The same stretches to the staging shots of the Colonial fleet. Masses of ships filling the screen. Sure, looks cool, but its like gorging on too many sweets. They become bland and tasteless. I loved the feeling of battles taking place all alone in infinite space in BSG. It was cold and dark and gripping. Even when there were nebula and such later on, it still worked as the story backed it up and the sense of emptiness was still there.
In Blood and Chrome you get the screen full of zipping about, lensflare, flak, pew-pew, nebula and reflections. It doesn't feel real.
I don't think the renders are anywhere near as good either. I haven't picked out mistakes or anything, but the way the ships move super-fast and jink around continously, the horrible smoke and flame everywhere, the cheesy neon glow on all things cylon and simply the roughly hewn look of the CGI... it's quantity rather than quality. And I know they're really trying, and I don't blame them for it personally, but it's flashy gimcrack work for the sake of it.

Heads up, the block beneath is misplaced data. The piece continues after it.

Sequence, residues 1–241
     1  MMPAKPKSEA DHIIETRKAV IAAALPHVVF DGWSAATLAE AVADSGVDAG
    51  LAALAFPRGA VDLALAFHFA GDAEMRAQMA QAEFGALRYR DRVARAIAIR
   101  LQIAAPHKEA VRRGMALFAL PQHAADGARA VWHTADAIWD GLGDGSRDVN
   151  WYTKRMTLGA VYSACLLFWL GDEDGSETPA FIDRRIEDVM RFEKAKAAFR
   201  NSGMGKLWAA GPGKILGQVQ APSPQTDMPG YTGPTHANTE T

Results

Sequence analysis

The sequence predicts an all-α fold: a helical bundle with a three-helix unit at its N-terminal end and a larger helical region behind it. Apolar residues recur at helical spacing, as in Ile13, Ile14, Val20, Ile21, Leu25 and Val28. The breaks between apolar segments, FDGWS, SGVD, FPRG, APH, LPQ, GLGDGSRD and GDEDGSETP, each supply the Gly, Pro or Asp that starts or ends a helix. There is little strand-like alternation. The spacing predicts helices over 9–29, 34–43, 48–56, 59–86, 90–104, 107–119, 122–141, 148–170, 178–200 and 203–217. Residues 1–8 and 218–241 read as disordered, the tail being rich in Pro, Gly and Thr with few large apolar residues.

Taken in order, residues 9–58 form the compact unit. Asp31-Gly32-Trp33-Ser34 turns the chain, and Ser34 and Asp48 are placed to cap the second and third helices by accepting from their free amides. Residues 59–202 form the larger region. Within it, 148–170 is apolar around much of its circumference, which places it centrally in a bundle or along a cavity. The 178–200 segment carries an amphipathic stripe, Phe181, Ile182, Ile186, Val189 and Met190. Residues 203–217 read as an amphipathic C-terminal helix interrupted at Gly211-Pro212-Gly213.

So, along with the folly of The Plan and the duff Cain bits of Razor, have they ruined BSG?
Don't be daft. Why feel that simply because something is created is canon, it must therefore exist and be muscling in on the beloved stuff you have in your headspace? For me, all four series of original BSG are great. True, the fourth falters a little - but I even very much liked and found fitting the ending. It's a great jewell of a sci-fi show and a fantastic story. I had been hoping for a nice desert (or, er, starter) in the form of Blood and Chrome, but disappointing as it is it hasn't spoilt the main.
Happily, the excellence of Diaspora means that I can get my graceful, stripped down, realist sci-fi battle fun when I want it. I fear I shall not be looking hard for it in future installments of Blood and Chrome.
Oh, final thing, finally: I really love your vision in Diaspora of how things look. The Sobek class is great, and about the upper ceiling of guns-per-tonnage I consider in a BSG universe. Please don't go all silly ala Blood and Chrome, and indeed feel free to 'refine' any design you take from it.
Thanks for reading me ramble, folks.